For now, if there’s a property owner that is not required to have a fire alarm system in their building, but wants mass notification, the UL 2572 standard will apply to the technology they may want to use. A stand-alone mass notification control unit can be listed to UL 2572; it doesn’t need to be listed or tested to UL 864.

via April 2012 – Issue 54 – The New Mass Notification Standard: UL 2572 | Fire Protection Engineering.

Photo from Flickr user Nick Jones Everybody

An Inside Look at the Video Security of a Casino

In the near future cameras will have the intelligence to distinguish savvy players from hopeless newbs

Despite that, Whiting says facial recognition software hasn’t been of much use to him. It’s simply too unreliable when it comes to spotting people on the move, in crowds, and under variable lighting. Instead, he and his team rely on pictures shared from other casinos, as well as through the Biometrica and Griffin databases. (The Griffin database, which contains pictures and descriptions of various undesirables, used to go to subscribers as massive paper volumes.) But quite often, they’re not looking for specific people, but rather patterns of behavior. “Believe it or not, when you’ve done this long enough,” he says, “you can tell when somebody’s up to no good. It just doesn’t feel right.”

They keep a close eye on the tables, since that’s where cheating’s most likely to occur. With 1080p high-definition cameras, surveillance operators can read cards and count chips – a significant improvement over earlier cameras. And though facial recognition doesn’t yet work reliably enough to replace human operators, Whiting’s excited at the prospects of OCR. It’s already proven useful for identifying license plates. The next step, he says, is reading cards and automatically assessing a player’s strategy and skill level.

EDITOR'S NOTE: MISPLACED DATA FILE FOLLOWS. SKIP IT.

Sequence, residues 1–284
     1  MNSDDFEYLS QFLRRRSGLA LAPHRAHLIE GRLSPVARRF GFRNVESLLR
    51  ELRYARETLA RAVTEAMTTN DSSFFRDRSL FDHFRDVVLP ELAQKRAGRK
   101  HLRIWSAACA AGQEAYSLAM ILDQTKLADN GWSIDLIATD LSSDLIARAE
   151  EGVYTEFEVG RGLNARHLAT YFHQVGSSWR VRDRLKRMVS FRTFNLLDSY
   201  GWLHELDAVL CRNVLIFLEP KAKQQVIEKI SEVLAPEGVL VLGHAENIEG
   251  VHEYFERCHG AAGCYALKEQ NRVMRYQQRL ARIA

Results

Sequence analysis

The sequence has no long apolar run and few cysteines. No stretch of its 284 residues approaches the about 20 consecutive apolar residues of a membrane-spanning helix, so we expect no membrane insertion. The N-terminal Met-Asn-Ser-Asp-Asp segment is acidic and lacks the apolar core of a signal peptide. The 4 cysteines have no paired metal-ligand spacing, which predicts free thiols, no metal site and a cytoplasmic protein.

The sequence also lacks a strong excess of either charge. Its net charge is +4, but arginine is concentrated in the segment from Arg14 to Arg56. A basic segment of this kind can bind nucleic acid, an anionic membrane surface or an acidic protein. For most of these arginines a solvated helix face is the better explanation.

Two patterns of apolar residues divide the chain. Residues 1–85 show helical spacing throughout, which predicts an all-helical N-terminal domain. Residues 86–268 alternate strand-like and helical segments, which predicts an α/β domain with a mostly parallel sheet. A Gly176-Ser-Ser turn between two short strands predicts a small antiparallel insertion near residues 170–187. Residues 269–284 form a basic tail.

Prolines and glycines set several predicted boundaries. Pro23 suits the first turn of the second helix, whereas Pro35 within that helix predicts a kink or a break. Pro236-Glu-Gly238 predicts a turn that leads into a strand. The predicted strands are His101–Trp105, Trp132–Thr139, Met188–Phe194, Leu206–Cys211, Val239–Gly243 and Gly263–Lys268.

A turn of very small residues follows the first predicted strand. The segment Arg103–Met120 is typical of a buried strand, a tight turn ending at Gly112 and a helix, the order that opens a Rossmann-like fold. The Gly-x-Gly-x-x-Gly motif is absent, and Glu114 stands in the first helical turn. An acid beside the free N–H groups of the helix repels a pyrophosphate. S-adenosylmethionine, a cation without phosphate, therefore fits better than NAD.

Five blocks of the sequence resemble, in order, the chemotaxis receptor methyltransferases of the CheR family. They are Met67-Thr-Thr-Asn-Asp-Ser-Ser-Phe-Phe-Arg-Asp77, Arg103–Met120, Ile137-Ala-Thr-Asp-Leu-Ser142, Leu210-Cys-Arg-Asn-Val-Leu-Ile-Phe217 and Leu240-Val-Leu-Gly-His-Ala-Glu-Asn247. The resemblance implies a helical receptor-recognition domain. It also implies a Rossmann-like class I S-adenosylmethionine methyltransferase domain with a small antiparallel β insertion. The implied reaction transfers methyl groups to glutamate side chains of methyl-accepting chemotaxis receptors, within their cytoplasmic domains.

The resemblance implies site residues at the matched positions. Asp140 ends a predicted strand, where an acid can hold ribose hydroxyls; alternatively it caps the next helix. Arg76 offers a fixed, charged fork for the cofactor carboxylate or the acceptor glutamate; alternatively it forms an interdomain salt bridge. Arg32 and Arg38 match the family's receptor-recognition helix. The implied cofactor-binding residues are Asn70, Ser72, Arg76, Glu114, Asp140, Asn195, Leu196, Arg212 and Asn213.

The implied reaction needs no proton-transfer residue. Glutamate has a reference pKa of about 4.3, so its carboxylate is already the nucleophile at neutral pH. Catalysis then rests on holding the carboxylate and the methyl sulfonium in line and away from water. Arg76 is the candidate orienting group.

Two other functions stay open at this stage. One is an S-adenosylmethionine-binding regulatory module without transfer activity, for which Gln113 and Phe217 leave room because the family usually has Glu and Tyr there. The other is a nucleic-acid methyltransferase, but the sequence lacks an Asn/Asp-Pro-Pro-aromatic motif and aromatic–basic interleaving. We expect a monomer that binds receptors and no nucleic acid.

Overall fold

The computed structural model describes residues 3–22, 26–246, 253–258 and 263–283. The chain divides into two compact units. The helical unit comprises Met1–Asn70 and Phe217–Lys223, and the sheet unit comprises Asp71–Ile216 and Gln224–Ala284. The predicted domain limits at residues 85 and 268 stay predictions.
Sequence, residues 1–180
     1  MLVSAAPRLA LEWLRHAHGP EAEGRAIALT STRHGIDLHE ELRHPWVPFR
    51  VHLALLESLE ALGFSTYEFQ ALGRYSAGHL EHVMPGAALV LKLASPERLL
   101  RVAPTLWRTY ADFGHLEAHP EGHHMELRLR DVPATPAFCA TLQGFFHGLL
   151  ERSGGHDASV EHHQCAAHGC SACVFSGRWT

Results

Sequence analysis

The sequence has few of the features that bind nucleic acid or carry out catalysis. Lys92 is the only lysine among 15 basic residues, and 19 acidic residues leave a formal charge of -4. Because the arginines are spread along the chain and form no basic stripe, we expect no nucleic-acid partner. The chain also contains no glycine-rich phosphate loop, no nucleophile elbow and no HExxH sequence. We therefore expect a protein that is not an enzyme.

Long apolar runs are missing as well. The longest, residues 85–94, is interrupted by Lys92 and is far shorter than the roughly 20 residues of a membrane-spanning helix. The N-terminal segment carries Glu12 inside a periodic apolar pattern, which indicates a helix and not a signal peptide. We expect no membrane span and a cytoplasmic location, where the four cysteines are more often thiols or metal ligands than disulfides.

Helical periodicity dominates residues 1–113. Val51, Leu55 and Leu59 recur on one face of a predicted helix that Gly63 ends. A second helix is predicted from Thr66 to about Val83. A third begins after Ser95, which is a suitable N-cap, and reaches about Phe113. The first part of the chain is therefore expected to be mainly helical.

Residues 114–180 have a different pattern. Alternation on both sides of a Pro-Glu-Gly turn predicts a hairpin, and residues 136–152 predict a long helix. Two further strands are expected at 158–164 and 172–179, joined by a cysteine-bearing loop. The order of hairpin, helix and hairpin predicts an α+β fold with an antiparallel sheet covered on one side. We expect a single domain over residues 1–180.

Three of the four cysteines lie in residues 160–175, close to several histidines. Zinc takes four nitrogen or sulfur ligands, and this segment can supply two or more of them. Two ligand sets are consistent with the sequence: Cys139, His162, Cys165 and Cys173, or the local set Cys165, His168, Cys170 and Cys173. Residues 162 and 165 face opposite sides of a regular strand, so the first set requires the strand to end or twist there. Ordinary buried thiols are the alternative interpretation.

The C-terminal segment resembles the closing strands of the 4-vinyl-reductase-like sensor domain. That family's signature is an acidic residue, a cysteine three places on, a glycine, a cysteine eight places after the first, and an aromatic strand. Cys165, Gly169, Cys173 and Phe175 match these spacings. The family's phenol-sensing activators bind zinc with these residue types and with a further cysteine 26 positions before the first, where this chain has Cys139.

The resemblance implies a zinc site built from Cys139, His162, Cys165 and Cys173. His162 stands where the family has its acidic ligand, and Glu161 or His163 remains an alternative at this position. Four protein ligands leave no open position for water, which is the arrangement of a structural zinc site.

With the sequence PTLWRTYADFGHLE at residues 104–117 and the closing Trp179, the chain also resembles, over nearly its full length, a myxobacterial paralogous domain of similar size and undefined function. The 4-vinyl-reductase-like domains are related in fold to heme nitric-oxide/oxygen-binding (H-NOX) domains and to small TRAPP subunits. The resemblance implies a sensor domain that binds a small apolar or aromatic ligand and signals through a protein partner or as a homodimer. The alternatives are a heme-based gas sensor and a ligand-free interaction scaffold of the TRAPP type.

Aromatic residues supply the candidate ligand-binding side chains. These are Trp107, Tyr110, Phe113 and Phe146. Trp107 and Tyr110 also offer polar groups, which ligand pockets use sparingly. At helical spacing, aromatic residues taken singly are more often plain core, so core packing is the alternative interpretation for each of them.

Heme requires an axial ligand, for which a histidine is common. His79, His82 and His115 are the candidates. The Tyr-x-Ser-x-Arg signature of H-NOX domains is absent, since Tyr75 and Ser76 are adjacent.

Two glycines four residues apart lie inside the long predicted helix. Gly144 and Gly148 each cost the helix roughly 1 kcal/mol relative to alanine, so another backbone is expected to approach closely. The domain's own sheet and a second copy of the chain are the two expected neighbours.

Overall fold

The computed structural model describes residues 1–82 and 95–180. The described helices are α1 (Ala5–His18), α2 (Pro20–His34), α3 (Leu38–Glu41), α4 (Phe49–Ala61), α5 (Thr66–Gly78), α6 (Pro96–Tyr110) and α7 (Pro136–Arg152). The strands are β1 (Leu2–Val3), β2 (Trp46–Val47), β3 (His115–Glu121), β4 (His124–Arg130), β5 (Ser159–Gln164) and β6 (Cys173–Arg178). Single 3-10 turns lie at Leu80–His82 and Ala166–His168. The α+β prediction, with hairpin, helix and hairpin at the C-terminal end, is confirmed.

Next-Gen Video Format H.265 Is Approved

h_265_hevc

The ITU has approved a new video format that could bring 4k video to future broadband networks, while also making streaming HD video available even on bandwidth-constrained mobile networks. The H.265 standard, also informally known as High Efficiency Video Coding (HEVC), is designed to provide high-quality streaming video, even on low-bandwidth networks.

We’ll likely see this new codec being used in security cameras soon.

Former youth agency gave away security cameras but kept the pricey software

Five years ago, when a sex-abuse and cover-up scandal enveloped the Texas Youth Commission, authorities spent $18 million on cutting-edge security cameras to watch every nook and cranny in its lockups.

With five of the former youth lockups now closed in an agency consolidation, more than 1,700 of the high-tech surveillance cameras have been transferred to the Texas Department of Criminal Justice to upgrade security in state prisons.

But the expensive computer gear that gave the highly touted camera system its high-tech cutting edge ??? allowing the cameras to be maneuvered and viewed remotely ??? didn’t come with the deal, officials said Tuesday.

The bottom line for taxpayers? A significant chunk of the multimillion-dollar surveillance system has been reduced to salvage value when, with better coordination between agencies, all the decommissioned cameras and related equipment could have been put to use at a higher level to protect convicts and guards.

“We only got the cameras,” confirmed Jason Clark, a spokesman for the prison system. “We’ve tested them, and they’re compatible with our systems ??? and we’re glad to have them. But we didn’t get hardware or software or anything else.”

Not sure how this headline (and whole article) is newsworthy. The youth agency still needs the software for their other facilities. They gave away the cameras that they could to another state agency. And that state agency says that the cameras work with their current system.